Volume 30, Issue 3, Fall 2015
Are We Asking the Right Questions about Critical Thinking Assessment?
A Response to Hatcher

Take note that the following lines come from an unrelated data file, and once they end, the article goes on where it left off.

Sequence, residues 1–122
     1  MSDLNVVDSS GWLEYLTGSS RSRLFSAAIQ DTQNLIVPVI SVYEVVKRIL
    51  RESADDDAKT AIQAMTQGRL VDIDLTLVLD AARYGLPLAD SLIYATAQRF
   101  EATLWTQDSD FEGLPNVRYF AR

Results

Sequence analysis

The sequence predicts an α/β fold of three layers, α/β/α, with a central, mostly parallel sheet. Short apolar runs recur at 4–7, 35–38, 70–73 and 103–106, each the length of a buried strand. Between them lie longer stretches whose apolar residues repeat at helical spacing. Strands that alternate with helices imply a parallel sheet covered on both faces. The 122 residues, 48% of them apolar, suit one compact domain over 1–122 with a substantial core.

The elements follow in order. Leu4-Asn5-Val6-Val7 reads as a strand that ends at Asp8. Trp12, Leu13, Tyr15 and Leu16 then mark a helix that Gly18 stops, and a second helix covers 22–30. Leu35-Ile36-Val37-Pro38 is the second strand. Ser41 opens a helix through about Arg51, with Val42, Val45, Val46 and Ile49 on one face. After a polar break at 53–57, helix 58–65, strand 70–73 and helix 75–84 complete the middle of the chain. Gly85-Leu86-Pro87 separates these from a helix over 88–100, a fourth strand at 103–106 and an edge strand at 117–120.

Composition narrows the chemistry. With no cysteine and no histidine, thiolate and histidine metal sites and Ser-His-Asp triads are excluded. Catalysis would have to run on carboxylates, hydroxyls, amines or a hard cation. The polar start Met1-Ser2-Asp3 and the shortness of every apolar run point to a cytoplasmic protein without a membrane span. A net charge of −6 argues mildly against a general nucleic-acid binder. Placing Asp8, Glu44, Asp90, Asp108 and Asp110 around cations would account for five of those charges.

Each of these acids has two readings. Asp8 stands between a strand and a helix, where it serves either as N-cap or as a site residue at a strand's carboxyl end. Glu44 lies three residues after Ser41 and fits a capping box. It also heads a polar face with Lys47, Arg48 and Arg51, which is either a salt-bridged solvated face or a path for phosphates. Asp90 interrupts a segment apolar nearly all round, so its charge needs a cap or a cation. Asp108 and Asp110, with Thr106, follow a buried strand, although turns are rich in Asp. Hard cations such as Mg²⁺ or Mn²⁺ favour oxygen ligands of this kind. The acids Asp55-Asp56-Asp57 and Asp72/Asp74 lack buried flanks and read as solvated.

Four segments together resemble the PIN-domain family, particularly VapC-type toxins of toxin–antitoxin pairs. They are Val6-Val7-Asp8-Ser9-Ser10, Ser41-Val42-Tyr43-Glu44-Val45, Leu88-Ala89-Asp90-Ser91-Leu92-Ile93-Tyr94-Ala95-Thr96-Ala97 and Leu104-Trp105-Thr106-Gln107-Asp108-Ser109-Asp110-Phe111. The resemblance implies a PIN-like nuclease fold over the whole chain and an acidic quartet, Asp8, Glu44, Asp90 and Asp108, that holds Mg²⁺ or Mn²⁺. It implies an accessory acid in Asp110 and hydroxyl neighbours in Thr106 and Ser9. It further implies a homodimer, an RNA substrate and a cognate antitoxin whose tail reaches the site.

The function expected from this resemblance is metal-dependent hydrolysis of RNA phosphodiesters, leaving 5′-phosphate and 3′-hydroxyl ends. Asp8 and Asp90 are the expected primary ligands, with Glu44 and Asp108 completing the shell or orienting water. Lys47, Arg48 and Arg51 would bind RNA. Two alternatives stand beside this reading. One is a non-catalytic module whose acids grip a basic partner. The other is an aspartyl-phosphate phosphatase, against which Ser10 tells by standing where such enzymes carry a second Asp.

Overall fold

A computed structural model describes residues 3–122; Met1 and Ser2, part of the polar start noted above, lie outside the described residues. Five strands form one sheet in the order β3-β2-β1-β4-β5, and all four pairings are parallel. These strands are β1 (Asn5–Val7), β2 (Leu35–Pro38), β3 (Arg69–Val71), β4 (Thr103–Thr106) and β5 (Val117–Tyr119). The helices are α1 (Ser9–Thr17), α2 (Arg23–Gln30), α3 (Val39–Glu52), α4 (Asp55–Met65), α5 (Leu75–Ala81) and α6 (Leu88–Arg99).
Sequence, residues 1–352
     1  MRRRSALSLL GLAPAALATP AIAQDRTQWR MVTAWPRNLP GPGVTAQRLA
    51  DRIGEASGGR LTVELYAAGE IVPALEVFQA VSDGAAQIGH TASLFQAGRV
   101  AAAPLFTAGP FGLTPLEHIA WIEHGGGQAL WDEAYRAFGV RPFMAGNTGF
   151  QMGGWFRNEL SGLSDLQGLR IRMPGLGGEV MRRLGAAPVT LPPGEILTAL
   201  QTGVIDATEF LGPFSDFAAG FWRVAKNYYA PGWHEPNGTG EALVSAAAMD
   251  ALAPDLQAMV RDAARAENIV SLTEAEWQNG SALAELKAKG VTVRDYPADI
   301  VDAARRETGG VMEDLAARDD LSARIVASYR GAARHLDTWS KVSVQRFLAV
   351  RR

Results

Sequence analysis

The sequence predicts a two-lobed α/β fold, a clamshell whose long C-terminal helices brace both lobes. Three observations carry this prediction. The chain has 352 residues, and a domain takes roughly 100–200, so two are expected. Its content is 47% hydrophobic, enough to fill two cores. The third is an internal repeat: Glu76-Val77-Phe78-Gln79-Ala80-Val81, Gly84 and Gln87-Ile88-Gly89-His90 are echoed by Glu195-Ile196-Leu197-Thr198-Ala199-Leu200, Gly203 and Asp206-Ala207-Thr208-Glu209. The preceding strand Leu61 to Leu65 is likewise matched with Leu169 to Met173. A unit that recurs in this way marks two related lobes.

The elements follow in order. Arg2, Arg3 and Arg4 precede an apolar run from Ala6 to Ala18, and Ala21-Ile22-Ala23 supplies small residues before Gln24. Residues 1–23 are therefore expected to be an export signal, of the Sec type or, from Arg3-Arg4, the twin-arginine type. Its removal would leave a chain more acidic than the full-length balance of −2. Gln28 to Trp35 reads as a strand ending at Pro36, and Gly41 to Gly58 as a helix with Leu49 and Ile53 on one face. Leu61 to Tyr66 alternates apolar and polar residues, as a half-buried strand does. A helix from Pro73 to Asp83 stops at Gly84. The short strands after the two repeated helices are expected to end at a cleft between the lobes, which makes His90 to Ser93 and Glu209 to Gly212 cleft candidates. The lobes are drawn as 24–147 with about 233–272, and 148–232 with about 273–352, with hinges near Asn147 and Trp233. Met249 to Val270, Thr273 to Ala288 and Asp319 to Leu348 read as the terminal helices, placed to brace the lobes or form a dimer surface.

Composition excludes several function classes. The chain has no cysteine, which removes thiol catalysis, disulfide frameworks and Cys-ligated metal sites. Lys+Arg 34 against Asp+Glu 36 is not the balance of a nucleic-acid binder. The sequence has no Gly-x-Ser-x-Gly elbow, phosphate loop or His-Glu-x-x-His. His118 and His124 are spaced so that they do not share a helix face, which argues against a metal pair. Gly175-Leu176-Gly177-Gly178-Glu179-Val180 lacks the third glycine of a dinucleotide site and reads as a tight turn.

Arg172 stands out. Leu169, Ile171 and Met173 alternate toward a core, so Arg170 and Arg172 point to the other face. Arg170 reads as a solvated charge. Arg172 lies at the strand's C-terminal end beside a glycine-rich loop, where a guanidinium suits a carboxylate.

This is a response essay to Donald Hatcher’s (2015), “Critical Thinking Instruction: A Realistic Evaluation: The Dream vs. Reality.” Hatcher argues that critical thinking (CT) instruction seriously falls short of the ideal of honestly evaluating alternative evidence and arguments. This failure is apparent, he argues, when one surveys student performance on a variety of CT assessment tests. Hatcher reviews the current CT assessment data, which includes an extensive pool of results collected from Baker University where Hatcher oversaw a sophisticated and well-funded CT program for about two decades. Hatcher also argues that evidence from the philosophical and psychological literatures on disagreement and judgment suggests even CT experts fail to model the ideal and that CT has suffered from an unrealistic conception of rationality and human decision-making. I reply by arguing that, by putting the CT assessment data in a different context and asking an alternative set of questions, one can justifiably derive a more positive evaluation of the future of CT instruction in light of the CT ideal. Instead of focusing on whether students are achieving the CT ideal by the time of the post-test, instructors should ask whether they are making the kind of progress that there is good reason to expect. I close by challenging the soundness of the proposed implications of Hatcher’s arguments.